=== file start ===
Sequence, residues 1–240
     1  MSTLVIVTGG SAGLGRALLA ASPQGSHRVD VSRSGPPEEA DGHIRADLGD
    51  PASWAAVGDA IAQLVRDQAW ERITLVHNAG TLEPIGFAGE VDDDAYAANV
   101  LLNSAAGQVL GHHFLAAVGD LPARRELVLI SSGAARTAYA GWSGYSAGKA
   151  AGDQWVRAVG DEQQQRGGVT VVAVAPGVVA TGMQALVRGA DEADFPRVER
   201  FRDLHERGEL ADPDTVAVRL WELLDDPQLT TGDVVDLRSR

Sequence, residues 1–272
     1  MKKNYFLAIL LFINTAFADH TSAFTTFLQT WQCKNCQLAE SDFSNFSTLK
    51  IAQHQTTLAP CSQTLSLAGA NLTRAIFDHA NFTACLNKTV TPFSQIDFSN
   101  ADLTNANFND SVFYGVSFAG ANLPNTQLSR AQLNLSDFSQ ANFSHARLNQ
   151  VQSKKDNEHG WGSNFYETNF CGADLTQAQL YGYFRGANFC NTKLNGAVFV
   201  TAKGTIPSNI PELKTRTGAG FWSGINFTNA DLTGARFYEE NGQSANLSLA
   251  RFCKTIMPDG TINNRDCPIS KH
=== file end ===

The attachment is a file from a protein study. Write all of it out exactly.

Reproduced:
Sequence, residues 1–240
     1  MSTLVIVTGG SAGLGRALLA ASPQGSHRVD VSRSGPPEEA DGHIRADLGD
    51  PASWAAVGDA IAQLVRDQAW ERITLVHNAG TLEPIGFAGE VDDDAYAANV
   101  LLNSAAGQVL GHHFLAAVGD LPARRELVLI SSGAARTAYA GWSGYSAGKA
   151  AGDQWVRAVG DEQQQRGGVT VVAVAPGVVA TGMQALVRGA DEADFPRVER
   201  FRDLHERGEL ADPDTVAVRL WELLDDPQLT TGDVVDLRSR

Sequence, residues 1–272
     1  MKKNYFLAIL LFINTAFADH TSAFTTFLQT WQCKNCQLAE SDFSNFSTLK
    51  IAQHQTTLAP CSQTLSLAGA NLTRAIFDHA NFTACLNKTV TPFSQIDFSN
   101  ADLTNANFND SVFYGVSFAG ANLPNTQLSR AQLNLSDFSQ ANFSHARLNQ
   151  VQSKKDNEHG WGSNFYETNF CGADLTQAQL YGYFRGANFC NTKLNGAVFV
   201  TAKGTIPSNI PELKTRTGAG FWSGINFTNA DLTGARFYEE NGQSANLSLA
   251  RFCKTIMPDG TINNRDCPIS KH